As for me, I know of nothing else but miracles. - Walt Whitman

Monday, July 29, 2013

Our Trip to Ethiopia, Day 4.....

Sunday, July 14, 2013

What an amazing day! Today we flew to our boys' birth city, and experienced a bit of their culture and some interesting things along the way! But let me back up and give the day's details.

Even though I took Nyquil last night, I didn't sleep very well. Throughout the night, a man up on the hill at the Orthodox church kept chanting a call to prayer. The poor L family woke up at 2 am and couldn't get back to sleep.

After getting ready, packing our luggage, eating breakfast with the L's and W's, checking email, and playing with the kids for a bit, we headed to the airport for our flight to Gambella, along with the L family and Mathewos, who works in-country for AGCI.

The guest house (our boys' home when they lived in Addis):

When we arrived at the airport, we got to meet Kiersten, our case worker for our adoption of Jalen and Jordan. We have talked on the phone so many times, but it was so great to meet her in person! We stepped up to the check-in counter, and it immediately became apparent that they could not find our tickets in the airline's system. Uh-oh! We looked down at the other end of the counter, and it seemed as if the L family was having problems, too. Ginny showed them her confirmation print-out, and we showed our email confirmation as well. After some lengthy searching, they found us....but in their system, we were confirmed to leave for Gambella on Tuesday the 16th and return on Wednesday the 17th, even though our confirmation showed otherwise. Somehow, we had all gotten bumped to another flight on another day, along with Kiersten and Mathewos, and it made our time in Gambella way too short. And unfortunately, there are only three flights a week to Gambella: Sunday, Tuesday, and Wednesday. 

They told us to stand to the side while they figured something out. We asked if there was any way we could get refunded, take a bigger plane, schedule another flight for the day, or charter a plane. But in Ethiopia, only the government can do such things. It wasn't likely that we were going to get to fly today, as the flight was full and our group needed 12 more seats.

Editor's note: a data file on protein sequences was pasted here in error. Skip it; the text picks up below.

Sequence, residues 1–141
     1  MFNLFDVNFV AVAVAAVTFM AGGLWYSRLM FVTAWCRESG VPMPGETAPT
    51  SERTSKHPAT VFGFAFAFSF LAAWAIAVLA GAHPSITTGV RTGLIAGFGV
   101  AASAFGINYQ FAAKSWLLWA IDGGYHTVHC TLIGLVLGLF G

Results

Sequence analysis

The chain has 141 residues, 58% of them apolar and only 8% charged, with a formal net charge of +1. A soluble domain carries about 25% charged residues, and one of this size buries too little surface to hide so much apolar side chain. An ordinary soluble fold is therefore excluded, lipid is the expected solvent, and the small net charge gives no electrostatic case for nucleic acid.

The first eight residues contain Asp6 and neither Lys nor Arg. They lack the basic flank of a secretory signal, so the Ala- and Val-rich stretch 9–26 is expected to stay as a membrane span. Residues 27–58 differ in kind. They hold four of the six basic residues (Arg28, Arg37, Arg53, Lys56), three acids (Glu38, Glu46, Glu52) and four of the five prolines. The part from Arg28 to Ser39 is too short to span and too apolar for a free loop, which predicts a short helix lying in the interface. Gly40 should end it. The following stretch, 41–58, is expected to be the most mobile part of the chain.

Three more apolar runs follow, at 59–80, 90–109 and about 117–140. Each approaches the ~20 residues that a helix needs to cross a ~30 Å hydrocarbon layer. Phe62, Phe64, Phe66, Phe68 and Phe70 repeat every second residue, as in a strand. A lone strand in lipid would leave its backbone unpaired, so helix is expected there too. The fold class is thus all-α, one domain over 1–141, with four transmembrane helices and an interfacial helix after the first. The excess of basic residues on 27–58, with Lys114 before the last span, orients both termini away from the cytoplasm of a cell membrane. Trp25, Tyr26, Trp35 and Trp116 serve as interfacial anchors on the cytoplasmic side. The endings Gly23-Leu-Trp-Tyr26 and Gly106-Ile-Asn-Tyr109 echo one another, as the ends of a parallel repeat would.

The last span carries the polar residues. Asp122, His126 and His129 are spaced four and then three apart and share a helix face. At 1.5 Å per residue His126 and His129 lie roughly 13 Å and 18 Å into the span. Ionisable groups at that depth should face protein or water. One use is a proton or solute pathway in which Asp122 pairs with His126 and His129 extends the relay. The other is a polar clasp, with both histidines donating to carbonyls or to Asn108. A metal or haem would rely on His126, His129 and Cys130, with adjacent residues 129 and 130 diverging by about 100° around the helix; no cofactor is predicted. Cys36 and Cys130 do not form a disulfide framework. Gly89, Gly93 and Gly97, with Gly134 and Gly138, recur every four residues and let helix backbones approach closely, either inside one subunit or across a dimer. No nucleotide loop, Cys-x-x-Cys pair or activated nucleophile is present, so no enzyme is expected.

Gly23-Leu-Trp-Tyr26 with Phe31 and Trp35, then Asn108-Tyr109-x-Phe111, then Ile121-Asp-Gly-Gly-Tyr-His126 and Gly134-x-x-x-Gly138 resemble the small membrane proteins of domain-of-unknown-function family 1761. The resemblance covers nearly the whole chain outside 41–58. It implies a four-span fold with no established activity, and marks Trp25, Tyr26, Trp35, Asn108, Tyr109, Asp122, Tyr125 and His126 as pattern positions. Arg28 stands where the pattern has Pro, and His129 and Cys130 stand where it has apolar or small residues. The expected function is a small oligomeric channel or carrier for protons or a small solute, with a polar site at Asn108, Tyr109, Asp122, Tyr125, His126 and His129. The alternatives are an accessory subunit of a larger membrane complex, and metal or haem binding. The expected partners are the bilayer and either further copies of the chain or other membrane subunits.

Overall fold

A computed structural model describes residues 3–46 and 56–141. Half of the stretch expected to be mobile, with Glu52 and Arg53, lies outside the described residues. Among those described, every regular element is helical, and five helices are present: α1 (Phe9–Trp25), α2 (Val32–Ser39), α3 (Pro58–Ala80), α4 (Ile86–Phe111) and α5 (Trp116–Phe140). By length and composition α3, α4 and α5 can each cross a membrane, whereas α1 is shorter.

Just then, a butterfly flew through the airport, so the L family decided it was a sign. After all, don't butterflies mean second chances? :-) And pretty soon, an airport worker came back with tickets for all of us. Someone pulled a few strings somewhere, and we found out later that it was Mathewos. He went back to the office, told them that there were Americans here who had paid a lot of money so that they could bring some humanitarian aid, and if the airline didn't figure out how to fix their mistake, they would have to refund all of our money for the flights to Gambella as well as the flights to Ethiopia! He assured them that it would be very bad publicity for their airline, and that lawsuits could follow. It became a joke for our group for the rest of the week, and Mathewos just laughed and laughed every time we brought it up. 

As we were standing there getting things figured out, a lady walked up to Ginny and asked her if we were going to Gambella. She then wondered what Stone's name was, and wondered if he had lived at Brothers and Sisters Care Center a couple of years ago. When Ginny told her he had, she asked if Ginny knew Opiyew and Uchan's adoptive family! And right there we were! What a small world! It turns out that she was the MOWA official for the Gambella region that had worked on and signed all of our boys' paperwork! It was so awesome to get to meet her, and what were the chances? In a city of 6 million people, God had brought us together. Amazing! I showed her some photos of Jalen and Jordan, and she was thrilled! She asked if she could keep the photo book I had made, but I told her it was for their birth mother. I did give her a loose photo of the boys that was taken in Chicago last week, however. Then I took her photo. I discovered later that I had a photo of her at home that AGCI had sent me from when the boys still lived in Gambella. And Shana's comment about the whole experience? "Now I know why they messed up our tickets and we had to wait longer! We wouldn't have met that lady otherwise!" :-)